The Crowded Bed

Published by Transita, January 2007

An absorbing expose of the guilty secrets hiding behind two seemingly ordinary lives

“Good evening, dear friend. I’m extremely pleased to see you, but I’m sure you’ll understand why I can’t give you my full attention. Joe Fortune is just about to kill his father-in-law and I’ve no intention of missing this long awaited event.”

This captivating book chronicles the lives of Jewish GP, Joe Fortune, and his wife Anna. From birth to the present day it exposes the impact their contrasting backgrounds have on them; as children, as lovers, and as husband and wife.  Joe – a working class Londoner, raised by an overpowering family, ambivalent about his Judaism, and seeking to escape its confines.  Anna – born into a wealthy and privileged family, but one that conceals many profound sins.

Page-turning, thought-provoking, and sensuous, The Crowded Bed is a fascinating exploration of dark secrets harboured within the mind, and the battle to be free of them. For the angry and resentful Joe, it’s his inner conflict with a profound secret he can never speak of, and for which he seeks revenge. For the quiet and dignified Anna, it’s the need to lay the ghosts of her troubled past, and come to terms with a tragic loss.

A gripping, well-crafted story of misunderstandings, revelations and murder, The Crowded Bed brings together religion, prejudice, shame and revenge. A provoking and surprisingly humorous read, but with a deep and intense love story at its core.


Sharon Goforth (Ex-Libris) Independent Blog Reviewer, Ohio, USA

This year it is especially difficult to choose which books I enjoyed the most, as there were so many books that were outstanding. But the following five topped them all, and are the ones that will stay with me a very long time:

By the Lake by John McGahern
The Crowded Bed by Mary Cavanagh
Slaughterhouse-Five by Kurt Vonnegut
The Spanish Bow by Andromeda Romano-Lax
An Ice-Cream War by William Boyd

The Crowded Bed is a gripping story. A jigsaw puzzle, assembled from vignettes that take place across time, culminating in murder. A story that will stay with me for a long time.


Kate Saunders – The Times – 17th March 2007

This funny and dramatic first novel about the darkest of family secrets begins with Joe Fortune, a charismatic Jewish doctor, killing his father-in-law. Joe has good reasons for wanting Gordon dead – better reasons than your average murderer. The sanity of his adored wife, Anna, a fragile Botticelli blonde, may depend on it. Meanwhile, Joe must decide exactly how Jewish he wants to be. It is a tall story, but is told so artfully that there are genuine surprises.


Sharon Stanley – Library reader from Ipswich, Suffolk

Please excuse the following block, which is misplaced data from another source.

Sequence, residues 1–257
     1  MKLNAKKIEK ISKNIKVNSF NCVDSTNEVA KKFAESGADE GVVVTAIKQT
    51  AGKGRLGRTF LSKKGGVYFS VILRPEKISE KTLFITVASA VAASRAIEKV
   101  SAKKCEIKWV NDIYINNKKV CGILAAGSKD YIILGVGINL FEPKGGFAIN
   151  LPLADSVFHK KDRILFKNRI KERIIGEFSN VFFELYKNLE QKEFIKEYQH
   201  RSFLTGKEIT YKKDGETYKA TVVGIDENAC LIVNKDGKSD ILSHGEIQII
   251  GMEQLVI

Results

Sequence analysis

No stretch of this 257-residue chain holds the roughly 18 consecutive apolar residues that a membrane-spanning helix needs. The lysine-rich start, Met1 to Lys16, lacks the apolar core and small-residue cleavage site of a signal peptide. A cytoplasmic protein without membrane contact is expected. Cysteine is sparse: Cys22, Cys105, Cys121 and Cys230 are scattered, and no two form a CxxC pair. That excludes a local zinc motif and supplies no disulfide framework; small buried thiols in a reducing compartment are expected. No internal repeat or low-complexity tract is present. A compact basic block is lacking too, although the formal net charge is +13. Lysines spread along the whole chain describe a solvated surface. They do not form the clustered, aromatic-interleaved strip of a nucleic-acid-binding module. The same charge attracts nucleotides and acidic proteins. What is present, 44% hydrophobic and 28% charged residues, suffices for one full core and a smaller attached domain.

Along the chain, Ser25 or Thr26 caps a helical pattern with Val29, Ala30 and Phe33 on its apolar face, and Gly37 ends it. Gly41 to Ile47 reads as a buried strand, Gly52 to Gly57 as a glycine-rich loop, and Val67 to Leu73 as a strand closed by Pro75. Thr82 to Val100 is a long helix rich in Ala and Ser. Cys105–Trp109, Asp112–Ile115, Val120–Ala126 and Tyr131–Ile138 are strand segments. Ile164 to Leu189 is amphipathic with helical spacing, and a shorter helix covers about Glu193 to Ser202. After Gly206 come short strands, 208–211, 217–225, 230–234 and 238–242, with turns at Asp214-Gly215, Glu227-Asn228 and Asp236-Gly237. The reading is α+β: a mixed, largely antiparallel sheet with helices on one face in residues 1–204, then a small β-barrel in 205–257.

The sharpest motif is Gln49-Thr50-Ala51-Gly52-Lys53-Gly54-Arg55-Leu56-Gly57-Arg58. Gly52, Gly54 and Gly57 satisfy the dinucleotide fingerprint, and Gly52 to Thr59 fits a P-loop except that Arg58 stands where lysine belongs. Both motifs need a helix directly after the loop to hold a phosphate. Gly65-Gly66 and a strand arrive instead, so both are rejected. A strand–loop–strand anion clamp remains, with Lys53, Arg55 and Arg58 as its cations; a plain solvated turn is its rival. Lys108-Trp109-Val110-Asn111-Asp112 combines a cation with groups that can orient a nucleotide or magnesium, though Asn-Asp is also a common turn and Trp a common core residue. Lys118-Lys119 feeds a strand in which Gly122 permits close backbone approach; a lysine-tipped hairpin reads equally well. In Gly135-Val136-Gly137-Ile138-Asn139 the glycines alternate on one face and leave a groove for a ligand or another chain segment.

On Sunday morning I opened the book and I finished it at 19.15; I am going to buy it to read again in a month to taste again the texture of it.  I laughed; I cried; I sat stunned by the depth of treatment of many of humankind’s blackest deeds. I can honestly say that I rarely give up food for a book but today I did so. Is she a 21st century Susan Hill? I believe so. Thank you so much for publishing her and please send my thanks for a great read to Mary.


Tim and Simon, The Big Green Book Shop, Wood Green, London, N22

I started reading The Crowded Bed on Sunday, and to be honest I wasn’t sure if it was my kind of thing. But I was so wrong. This book is a belter. I was hooked and devoured it in 2 sittings. From the prologue, in which we watch Joe Fortune (our ‘hero’) murdering his father-in-law, we’re then transported back to Joe’s childhood. And there begins the story of how we get to his crime. The strength of the writer lies in her ability to take us from the past to the present and back again and still hold the story together so cleverly that you just have to know what happens next. I was both delighted to get to the end and sad that I’d finished it. This is going eye level on our Big Green Favourites bookcase from day 1.


The Jewish Chronicle
May 25th 2007

The Crowded Bed is a neatly told tale of intermarriage featuring A Jewish GP, his beautiful non-Jewish wife and her deep and dangerous father.


Miranda Stock, Oxford Daily Information

This is a riveting story beautifully told, and deserves whopping success.  I am very pleased to have found Mary Cavanagh, and I hope she writes lots more novels.


Mark Thornton – Mostly Books – Abingdon – Oxon

The Crowded Bed is a rare treat.  A gripping, page-turning story, combined with the finest prose writing. My tip as a huge success in 2007.


Elaine Simpson-Long  Independent Reviewer
The use of the time shifting device and the alternating narratives of Joe and Anna gradually draw the reader in and you become totally involved with both characters and care about their fate.  At one point I was fighting against the temptation to take a quick peek at the final pages to see how it all ended, but managed to resist and glad I did as the ending of this book packs quite a punch.


Lisa Guidarini– Chicago based Independent Book Reviewer

The Crowded Bed is deeply psychological, and often quite dark.  The mind is not simple territory, especially when such strong passions are at stake. Mary Cavanagh does a superb job venturing into the heart of all this turmoil, and she handles it all with an assured hand. This is a thoroughly impressive debut.



Having been warned by previous reviews that this was not the usual romance froth, I took it slowly and paid attention from the start. It was worth it. The structure is intricate but is made clear to the careful reader at the beginning, the story is spell-binding and the characters are so attractive I wanted to know what happened to all of them. I read it in one night.


Jane Karpa – The Bookstore – Abingdon – Oxon

It was an excellent read. Rarely do I finish a book and then want to read it again immediately, but I did with The Crowded Bed. CONGRATULATIONS